Thank you, dear readers, for coming on this journey with me. I’ll leave you with a quote by an Icelandic Nobel Peace Prize winner. Our tour guide recited it to us on one of our magical days traveling through the land of fire and ice:

“Where the glacier meets the sky, the land ceases to be earthly, and the earth becomes one with the heavens; no sorrows live there anymore, and therefore joy is not necessary; beauty alone reigns there, beyond all demands.” – Halldór Laxness

Day 3: The Golden Circle.

Where do I start? As I may have already mentioned, for the first time, I didn’t blog on my trip. Rather, I journaled and am now transcribing those scribbles upon my return to the States.

Though, my notes are brief at times, I remember day 3 as one of my most cherished. It was a busy day from sunrise to well past sunset as we ventured The Golden Circle. Here we go..

Þingvellir National Park: No big or anything but I spent the morning walking through 9000 year old LAVA WALLS. I seriously feel like I’m watching someone else live this life. Water thousands of years old flowing from glaciers.. Paths carved out of lava fields for us to explore; the same fields are more vast and higher in the air than most buildings where I live. This National Park is on North American and Eurasian Tectonic Plates. When we arrived, we entered on the North American side and when we left, we were on the Eurasion. Who knew science and the Earth we live on could be so facinating? Like, where was I in school when they explained this stuff?

Friðheimar Tomato & Horse Farm: Stationed near Reykholt, I met two sweetheart Icelandic horses, learned all about their lineage and about tomato farming in Iceland. Did you know that there are 100K Icelandic horses in Iceland and over 160K in the rest of the world due to exporting? Also, Icelandic horses are the only horse bred that lives in Iceland.

Here, I sipped savory homegrown tomato soup with a dollop of sour cream and paired it all with the freshest of baguettes. Anyone that knows me, knows a good tomato soup and grilled cheese will put a smile on my face.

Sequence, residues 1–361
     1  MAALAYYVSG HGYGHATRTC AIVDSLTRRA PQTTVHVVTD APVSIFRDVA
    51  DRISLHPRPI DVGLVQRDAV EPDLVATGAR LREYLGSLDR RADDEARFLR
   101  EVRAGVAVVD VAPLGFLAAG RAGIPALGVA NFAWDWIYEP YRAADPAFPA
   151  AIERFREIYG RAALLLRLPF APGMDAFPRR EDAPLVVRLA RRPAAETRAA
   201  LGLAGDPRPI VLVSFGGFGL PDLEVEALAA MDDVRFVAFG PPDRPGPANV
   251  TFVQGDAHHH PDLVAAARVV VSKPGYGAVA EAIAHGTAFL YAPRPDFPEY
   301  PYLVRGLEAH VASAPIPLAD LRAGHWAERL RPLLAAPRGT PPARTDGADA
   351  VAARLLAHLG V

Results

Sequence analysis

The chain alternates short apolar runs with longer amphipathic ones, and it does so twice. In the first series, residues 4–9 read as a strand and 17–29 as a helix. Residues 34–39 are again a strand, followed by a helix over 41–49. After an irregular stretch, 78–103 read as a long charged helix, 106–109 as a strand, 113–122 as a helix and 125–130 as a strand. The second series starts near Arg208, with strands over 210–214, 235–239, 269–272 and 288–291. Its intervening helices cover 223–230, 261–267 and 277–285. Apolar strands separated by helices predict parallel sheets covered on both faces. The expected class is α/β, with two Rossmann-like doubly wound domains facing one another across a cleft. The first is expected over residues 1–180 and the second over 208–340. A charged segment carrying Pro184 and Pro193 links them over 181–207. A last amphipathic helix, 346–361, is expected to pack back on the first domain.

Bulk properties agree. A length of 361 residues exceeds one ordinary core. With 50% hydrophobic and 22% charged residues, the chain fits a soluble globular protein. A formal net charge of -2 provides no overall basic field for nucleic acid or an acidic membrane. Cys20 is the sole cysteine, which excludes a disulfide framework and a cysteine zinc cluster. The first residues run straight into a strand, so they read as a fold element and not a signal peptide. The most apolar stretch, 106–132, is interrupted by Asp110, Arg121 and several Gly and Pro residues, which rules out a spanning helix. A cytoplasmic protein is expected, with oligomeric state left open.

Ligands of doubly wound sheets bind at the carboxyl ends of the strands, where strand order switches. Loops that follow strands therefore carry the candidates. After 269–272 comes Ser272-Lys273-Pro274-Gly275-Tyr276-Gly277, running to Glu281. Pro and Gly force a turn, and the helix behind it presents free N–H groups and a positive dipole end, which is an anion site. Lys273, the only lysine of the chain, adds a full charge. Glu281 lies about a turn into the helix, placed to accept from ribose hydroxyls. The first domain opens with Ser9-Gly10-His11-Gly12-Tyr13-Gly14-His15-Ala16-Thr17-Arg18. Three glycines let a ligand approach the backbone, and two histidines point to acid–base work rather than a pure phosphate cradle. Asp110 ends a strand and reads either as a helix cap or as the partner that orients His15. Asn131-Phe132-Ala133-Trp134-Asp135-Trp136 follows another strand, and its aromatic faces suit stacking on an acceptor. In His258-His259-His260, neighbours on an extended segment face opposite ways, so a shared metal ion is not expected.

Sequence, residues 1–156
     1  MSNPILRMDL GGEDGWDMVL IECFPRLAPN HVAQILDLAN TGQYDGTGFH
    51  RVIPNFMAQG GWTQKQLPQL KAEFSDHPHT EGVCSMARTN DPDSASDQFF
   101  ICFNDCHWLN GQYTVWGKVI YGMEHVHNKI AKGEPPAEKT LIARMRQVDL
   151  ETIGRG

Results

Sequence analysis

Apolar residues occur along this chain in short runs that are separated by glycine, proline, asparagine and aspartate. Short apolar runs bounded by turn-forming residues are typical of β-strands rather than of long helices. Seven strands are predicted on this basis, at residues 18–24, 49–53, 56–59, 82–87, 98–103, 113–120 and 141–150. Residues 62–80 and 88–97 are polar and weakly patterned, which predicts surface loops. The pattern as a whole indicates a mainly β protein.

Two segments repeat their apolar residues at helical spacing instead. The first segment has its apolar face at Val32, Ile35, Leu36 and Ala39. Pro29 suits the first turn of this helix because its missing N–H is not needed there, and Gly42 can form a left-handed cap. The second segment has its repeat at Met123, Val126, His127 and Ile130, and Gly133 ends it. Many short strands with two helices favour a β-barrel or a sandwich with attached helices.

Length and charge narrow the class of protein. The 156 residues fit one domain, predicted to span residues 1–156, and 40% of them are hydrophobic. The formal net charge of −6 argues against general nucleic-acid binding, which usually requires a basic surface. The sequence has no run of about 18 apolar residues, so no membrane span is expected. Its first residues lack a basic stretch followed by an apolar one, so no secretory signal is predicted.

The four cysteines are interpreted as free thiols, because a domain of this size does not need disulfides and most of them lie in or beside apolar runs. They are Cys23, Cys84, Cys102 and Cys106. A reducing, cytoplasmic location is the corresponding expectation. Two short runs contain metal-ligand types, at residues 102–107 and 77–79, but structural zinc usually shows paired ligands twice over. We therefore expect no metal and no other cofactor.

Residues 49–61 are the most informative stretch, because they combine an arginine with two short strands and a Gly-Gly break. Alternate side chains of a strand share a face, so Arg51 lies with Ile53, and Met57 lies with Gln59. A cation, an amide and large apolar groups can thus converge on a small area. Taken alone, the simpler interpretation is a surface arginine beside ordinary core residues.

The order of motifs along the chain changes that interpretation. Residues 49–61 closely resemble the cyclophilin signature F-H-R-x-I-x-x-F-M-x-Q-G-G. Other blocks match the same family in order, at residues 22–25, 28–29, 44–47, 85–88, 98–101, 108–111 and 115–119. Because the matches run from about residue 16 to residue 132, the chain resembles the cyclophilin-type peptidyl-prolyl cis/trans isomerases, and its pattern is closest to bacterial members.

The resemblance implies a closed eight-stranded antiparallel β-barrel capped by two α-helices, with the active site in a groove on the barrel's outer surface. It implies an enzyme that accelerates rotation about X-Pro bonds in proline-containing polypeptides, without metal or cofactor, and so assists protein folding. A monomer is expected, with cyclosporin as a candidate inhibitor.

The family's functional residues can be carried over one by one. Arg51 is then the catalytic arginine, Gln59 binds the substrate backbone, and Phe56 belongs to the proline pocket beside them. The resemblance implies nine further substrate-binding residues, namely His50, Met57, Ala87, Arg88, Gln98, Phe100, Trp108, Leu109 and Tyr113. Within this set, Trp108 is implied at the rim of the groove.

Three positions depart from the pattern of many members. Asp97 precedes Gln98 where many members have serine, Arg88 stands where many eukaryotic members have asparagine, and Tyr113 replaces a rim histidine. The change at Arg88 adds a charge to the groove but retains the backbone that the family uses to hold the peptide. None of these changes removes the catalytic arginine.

At any given time, there are over 600 bees pollinating the tomatoes of Friðheimar. One neat thing to know, is that the tomatoes grown here, are only sold in Iceland for Icelanders; they don’t export them.

This was actually one of the trip itinerary items I was least interested in initially and it turned out to be such an awesome way to experience Iceland at a much slower pace. Inside a warm greenhouse full of tomato vines and yellow lights among a group of people who were strangers just two days ago, somehow, felt like home.

Gullfoss aka The Golden Waterfall: Gullfoss literally took my breath away. The wind was strong today and there were talks of the waterfall being closed to the public because of it. Praise Jesus and his apostles for a break in the weather. Waterfalls are my kryptonite. While I’m not the epitome of health, I will cross any barrier no matter the difficulty to witness a waterfalls rushing waters and transformative powers. The trek to Gullfoss was the most difficult (there and back) that I’d ever taken. The winds were some of the fastest i’d ever experienced, the rain and snow mixture was in full force and the amount of people at Gullfoss was beyond countable. At one point, I saw a small woman, she couldn’t have been more than 5′ 3″ and 105 pounds. She was crawling up the hill holding on for her life to the ropes just to get a glimpse. I could barely keep upright myself, imagine the core strength on that woman. But, at last, I made it. And I took in ever single second I could. I’m sure I’ve said it and I’ll likely say it again but this view was one for a lifetime. One full of words that I don’t have the vocabulary for and one, that a photograph cannot do justice. P.S. This beautiful Golden Waterfall is the largest in Europe.

Strokkur Geysir: Next up was a hot spring geothermal park, another first. The short hike to the geysir was quiet and easy but getting TO the geysir was a different story thanks to my nemesis, ice. At one point, I took a step and, like in a movie, I slowly slid backwards about 20 feet. It probably took me 10 minutes just to get those 20 feet. Thankfully, a couple fellow travelers making their way back down found goodness within them to help a struggling me make my way to the geysir. For a moment, I felt embarrassed but then, the geysir erupted and any sense of who I was in that moment or how I felt disappeared. It’s okay to ask for help and accept it. If you don’t, you might miss one of the biggest moments in your life.

That concludes day 3 of Iceland; the Golden Circle. On our way back to Reykjavik, we stopped in Hveragerði for hot dogs and ice cream, which, is a PERFECT combo if you ask me. Later in the evening, a couple of us took a stroll to grab a late night snack. We happened across Íslenska Hamborgarafabrikkan and landed there. Each time a baby is born in Iceland, a bell rings in this restaurant and automatically adds to the population sign near the back of the building. The bell rang a handful of times when we were there, so cool!

I don’t know if I’ve yet mentioned it but the water in Iceland is hands down, the best water in the entire world. It is Iceland’s only natural resource and it is so clean and crisp. I’ve already ordered myself a case of Icelandic glacier water to be shipped home. It should be there the day after I arrive.